#backpainblog, #BACKPAINBLOGUK, #mental health


This years Mental Health Awareness Week’s theme is NATURE.

Mr. Mark Rowland Chief Executive of The Mental Health Foundation wrote how during lockdown he encountered a family member who was quite reliant on her daily hit of nature to get her through the day.

During the long months of the pandemic, millions of us turned to nature, including me. I became quite neurotic about how I could attract birds to my garden. I tried every type of food and tactics but soon realised nature needed a few more trees and hedges to hide in. I am glad to say we are getting some regular visitors now.

Mark Rowland wrote that their research on the mental health impacts of the pandemic showed going for walks outside was one of our top coping strategies and 45% of us reported being in green spaces had been vital for our mental health. Websites which showed footage from webcams saw hits increase by over 2000%. Wider studies also found that during lockdowns, people not only spent more time in nature but were noticing it more.

Nature is our great untapped resource for a mentally healthy future, it is central to our psychological and emotional health. In the US a study found that patients who were treated in hospitals with a view of nature recovered faster. So during Mental Health Awareness Week 2021 they hope to raise awareness and inspire more people to connect with nature in new ways and to convince decision makers at all levels that access to and quality of nature is a mental health and social justice issue as well as an environmental one.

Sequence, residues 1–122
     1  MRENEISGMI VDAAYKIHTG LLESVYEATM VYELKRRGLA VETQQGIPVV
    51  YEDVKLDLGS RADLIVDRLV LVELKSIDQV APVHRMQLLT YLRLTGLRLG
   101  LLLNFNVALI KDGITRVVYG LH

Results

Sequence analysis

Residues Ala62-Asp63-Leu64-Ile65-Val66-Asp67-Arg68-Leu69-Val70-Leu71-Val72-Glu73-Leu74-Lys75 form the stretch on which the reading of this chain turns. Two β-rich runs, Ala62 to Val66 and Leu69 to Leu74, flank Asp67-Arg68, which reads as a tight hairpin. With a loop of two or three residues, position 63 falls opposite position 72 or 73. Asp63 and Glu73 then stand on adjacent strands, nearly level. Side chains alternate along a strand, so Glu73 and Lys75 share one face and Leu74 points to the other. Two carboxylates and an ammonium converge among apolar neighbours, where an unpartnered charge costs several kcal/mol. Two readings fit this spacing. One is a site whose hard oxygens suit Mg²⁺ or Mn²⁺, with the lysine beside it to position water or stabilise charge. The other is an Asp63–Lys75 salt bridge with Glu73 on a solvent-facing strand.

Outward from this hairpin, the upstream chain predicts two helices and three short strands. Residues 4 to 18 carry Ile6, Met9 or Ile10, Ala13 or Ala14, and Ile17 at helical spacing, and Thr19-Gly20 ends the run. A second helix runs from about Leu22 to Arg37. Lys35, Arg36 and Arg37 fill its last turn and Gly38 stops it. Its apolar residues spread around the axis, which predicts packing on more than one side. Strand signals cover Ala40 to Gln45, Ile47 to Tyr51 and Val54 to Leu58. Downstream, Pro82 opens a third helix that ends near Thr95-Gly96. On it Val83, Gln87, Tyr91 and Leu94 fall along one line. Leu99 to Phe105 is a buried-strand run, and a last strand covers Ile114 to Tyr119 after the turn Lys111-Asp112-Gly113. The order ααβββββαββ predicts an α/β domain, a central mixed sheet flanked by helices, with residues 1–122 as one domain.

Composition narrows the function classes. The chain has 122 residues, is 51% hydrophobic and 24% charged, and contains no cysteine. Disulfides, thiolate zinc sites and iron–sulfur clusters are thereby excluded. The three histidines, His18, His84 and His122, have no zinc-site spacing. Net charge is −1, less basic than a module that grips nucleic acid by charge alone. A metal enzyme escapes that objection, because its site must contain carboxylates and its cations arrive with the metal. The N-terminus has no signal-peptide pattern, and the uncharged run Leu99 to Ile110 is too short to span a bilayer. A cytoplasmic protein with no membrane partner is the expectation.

Mind are asking you to join in with them and the Mind community to speak out and share why fighting for mental health is important to you. Whether you’re fighting for your younger self who struggled with depression, for your friend on CAMHS waiting list or simply for properly funded mental health services. Whether you use social media or speak with friends, family or colleagues – help create a movement.

If you’re sharing on social media, remember to tag Mind and use the hashtags #mhaw #fightforMH to make sure you’re joining in the conversation. The coronavirus pandemic is having a huge impact on our mental health. Help their Infoline be there for everyone so they all have someone to talk to when it becomes too much. Help them reach more people feeling trapped and isolated with our peer support networks and advice on staying well. And help them to continue campaigning to protect your rights and support your needs. Donate here.

Mind provide advice and support to empower anyone experiencing a mental health problem. They campaign to improve services, raise awareness and promote understanding and they won’t give up until everyone experiencing a mental health problem gets support and respect.

#backpainblog, #BACKPAINBLOGUK, #fibromyalgia, #health, #mental health, running


Following on from my previous post on “The physical and mental health benefits of running” with the top running event organisers “Run Through“, I decided to have a Q&A with co-founder Matt Wood.

Have you always loved running or did something trigger your passion for it?